Tuesday, November 08, 2005 –

Free speech and the right to oppose policies you consider unjust may be even more at stake than we had thought under the present Administration. According to a Los Angeles Times story cited on What Really Happened, one of Southern California’s largest and most liberal churches could be losing its tax-exempt status, merely because of an anti-war sermon its now-former rector delivered, two days before the 2004 election.  

The Internal Revenue Service has warned the All Saints Episcopal Church in Pasadena, California, that it may be losing its tax exemption, citing a sermon by the Rev. George F. Regas, on Oct. 31, 2004. In his lesson that day, Regas (who had previously opposed from the pulpit both the Vietnam War and 1991’s Gulf War), imagined Jesus in a political debate with then-candidates George W. Bush and John Kerry.  

According to the story, he did not take sides or tell parishioners who to vote for, but he did criticize the war in Iraq, stating that Jesus would have called Bush’s pre-emptive war “a failed doctrine,” and that “Forcibly changing the regime of an enemy that posed no imminent threat has led to disaster.” Regas was rector of All Saints from 1967 to 1995, and was a guest speaker at that particular service.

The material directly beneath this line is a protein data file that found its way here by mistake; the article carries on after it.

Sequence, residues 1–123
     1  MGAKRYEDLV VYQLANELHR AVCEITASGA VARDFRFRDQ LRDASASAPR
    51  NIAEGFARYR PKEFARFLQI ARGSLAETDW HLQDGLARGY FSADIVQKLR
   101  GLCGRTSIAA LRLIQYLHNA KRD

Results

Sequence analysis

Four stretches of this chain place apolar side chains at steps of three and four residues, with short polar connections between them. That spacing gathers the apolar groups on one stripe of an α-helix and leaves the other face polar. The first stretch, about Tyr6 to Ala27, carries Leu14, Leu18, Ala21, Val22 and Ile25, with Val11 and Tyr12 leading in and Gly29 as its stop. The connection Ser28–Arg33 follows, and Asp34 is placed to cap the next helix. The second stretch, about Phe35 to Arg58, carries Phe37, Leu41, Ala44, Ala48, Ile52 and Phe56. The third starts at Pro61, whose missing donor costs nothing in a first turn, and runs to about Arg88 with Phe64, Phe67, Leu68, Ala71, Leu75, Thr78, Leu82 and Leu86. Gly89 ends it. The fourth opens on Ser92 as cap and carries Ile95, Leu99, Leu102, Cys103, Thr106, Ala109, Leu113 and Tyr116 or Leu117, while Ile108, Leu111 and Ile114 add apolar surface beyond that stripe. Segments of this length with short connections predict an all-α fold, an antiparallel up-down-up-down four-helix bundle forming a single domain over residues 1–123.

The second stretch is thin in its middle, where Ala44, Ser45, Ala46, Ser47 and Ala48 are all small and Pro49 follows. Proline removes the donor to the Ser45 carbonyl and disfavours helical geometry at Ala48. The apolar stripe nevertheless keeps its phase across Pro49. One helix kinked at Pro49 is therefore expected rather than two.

The response from the IRS was far from immediate, but the church received a notice on June 9 that “a reasonable belief exists that you may not be tax-exempt as a church,” citing an LA Times account of the Regas sermon. Perhaps most ironic is the fact that the IRS cited the Times’s coverage of the sermon, and not the sermon itself, as its basis for the decision; the Times went beyond quoting from the sermon’s text and characterized it as a “searing indictment of the Bush administration’s policies in Iraq,” which also described “tax cuts as inimical to the values of Jesus.”  

The IRS letter specifically cited these news report characterizations of Regas’s words. Meanwhile, current Rector J. Edwin Bacon was quoted as saying, “We are so careful at our church never to endorse a candidate. One of the strongest sermons I’ve ever given was against President Clinton’s fraying of the social safety net.” Phone calls by the Times, attempting to reach IRS officials in Washington, D.C. and Los Angeles for comment, were not returned.  

A further consideration is that churches all over California have been taking stances on both sides of the controversial Proposition 73, which would ban abortions for minors without parental notification. Some at All Saints believe they are being singled out in spite of the tolerance for this widespread political activity. Bacon said the church had retained the services of a Washington law firm with expertise in tax-exempt organizations, and told his congregation: “It’s important for everyone to understand that the IRS concerns are not supported by the facts.”  

In an October letter to the IRS, Marcus Owens, the church’s tax attorney and a former head of the IRS tax exempt section, said, “It seems ludicrous to suggest that a pastor cannot preach about the value of promoting peace simply because the nation happens to be at war during an election season.” – ST  

staff reports – Free-Market News Network